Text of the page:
One of those rare thrillers whose answers are even more scarifying than its mysteries.

Pub Date: Nov. 10, 2020

ISBN: 978-1-64385-470-0

Page Count: 310

Publisher: Crooked Lane

Review Posted Online: Aug. 19, 2020

Kirkus Reviews Issue: Sept. 1, 2020

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BYLINES

A PHOTOBIOGRAPHY OF NELLIE BLY

Nellie Bly’s life was full of derring-do and adventure. At one point, thousands of people followed her every move and wondered what she would try next. But mention this name to young folk today, and a puzzled glance is the likely response. In composed yet passionate prose—not unlike Bly’s own—Macy delves into the many escapades of this devoted journalist. From being voluntarily committed to an insane asylum for a story to becoming the only woman allowed to report from the front lines of World War I, Bly never shied away from a challenging assignment. It was her trip around the world in fewer than 80 days, besting the main character from Jules Verne’s popular novel, that made her a household name. Complete with full-spread photos, quotes, maps and faded-newsprint backdrops, this attractive package will appeal to young journalists and thrill-seekers alike. (afterword, author’s note, timeline, resources, source notes, index) (Nonfiction. 8-12)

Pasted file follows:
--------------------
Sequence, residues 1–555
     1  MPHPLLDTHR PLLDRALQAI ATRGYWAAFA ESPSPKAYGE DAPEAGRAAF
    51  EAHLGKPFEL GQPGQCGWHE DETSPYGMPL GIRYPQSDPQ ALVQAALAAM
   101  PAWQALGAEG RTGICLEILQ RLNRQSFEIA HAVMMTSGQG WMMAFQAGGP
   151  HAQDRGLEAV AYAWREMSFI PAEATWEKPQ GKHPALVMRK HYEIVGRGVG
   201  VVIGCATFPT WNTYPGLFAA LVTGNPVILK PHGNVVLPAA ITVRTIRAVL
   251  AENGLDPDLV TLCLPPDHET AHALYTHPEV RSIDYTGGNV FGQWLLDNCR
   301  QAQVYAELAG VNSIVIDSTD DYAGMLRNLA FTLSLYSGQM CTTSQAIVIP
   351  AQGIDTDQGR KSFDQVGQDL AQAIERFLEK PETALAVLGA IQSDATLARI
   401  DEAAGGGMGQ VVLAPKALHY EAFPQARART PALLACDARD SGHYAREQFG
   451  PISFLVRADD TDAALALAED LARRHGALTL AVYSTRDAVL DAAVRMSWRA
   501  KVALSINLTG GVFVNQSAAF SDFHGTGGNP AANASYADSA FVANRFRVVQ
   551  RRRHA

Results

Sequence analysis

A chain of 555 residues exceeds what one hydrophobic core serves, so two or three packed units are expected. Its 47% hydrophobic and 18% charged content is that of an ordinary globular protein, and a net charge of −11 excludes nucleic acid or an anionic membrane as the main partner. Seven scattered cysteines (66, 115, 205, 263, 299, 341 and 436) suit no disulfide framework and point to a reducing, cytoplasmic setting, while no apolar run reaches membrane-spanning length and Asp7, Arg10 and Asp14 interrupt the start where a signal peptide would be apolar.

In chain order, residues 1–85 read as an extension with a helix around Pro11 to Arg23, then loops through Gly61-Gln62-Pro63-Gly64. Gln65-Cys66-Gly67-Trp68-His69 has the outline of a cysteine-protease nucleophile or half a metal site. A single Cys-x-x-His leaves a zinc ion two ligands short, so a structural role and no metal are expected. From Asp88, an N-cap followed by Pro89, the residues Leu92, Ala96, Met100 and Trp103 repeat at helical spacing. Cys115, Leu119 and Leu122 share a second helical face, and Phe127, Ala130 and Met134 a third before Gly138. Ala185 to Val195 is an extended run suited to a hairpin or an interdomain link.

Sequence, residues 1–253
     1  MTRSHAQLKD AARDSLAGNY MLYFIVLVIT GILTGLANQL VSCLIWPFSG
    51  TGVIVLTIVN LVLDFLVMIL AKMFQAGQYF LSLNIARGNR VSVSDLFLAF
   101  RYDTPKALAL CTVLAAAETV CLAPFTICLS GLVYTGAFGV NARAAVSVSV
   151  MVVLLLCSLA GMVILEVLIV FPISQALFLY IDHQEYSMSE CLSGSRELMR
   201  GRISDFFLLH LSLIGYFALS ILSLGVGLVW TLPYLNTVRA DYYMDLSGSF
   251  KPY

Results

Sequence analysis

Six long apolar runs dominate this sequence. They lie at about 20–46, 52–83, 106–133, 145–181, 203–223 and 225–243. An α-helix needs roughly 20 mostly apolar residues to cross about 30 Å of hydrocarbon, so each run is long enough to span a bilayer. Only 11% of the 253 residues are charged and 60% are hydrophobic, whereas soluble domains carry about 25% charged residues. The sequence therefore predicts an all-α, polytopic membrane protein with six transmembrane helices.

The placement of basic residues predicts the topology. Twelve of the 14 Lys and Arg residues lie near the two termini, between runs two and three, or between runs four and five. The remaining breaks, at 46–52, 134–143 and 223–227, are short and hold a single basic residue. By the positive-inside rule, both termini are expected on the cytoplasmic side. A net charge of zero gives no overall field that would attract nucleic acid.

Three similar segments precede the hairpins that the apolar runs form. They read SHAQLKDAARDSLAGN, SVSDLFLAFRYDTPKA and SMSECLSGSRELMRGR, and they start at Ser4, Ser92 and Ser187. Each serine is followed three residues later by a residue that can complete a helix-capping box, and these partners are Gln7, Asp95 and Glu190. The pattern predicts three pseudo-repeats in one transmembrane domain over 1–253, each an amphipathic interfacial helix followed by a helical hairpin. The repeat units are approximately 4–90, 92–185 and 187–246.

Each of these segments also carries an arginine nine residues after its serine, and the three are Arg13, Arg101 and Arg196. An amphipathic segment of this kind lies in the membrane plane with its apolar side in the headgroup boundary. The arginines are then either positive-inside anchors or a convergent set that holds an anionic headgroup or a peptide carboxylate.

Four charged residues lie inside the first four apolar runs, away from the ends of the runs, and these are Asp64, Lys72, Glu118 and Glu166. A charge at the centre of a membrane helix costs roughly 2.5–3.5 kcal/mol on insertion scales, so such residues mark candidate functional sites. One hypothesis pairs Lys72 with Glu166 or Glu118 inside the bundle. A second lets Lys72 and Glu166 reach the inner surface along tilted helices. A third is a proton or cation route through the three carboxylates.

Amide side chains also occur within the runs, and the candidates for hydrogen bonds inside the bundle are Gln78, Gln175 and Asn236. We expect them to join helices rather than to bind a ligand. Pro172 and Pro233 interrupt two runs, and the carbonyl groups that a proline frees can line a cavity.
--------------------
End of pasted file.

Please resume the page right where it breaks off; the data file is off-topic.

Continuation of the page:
Pub Date: Oct. 1, 2009

ISBN: 978-1-4263-0513-9

Page Count: 48

Publisher: National Geographic

Review Posted Online: May 20, 2010

Kirkus Reviews Issue: Sept. 15, 2009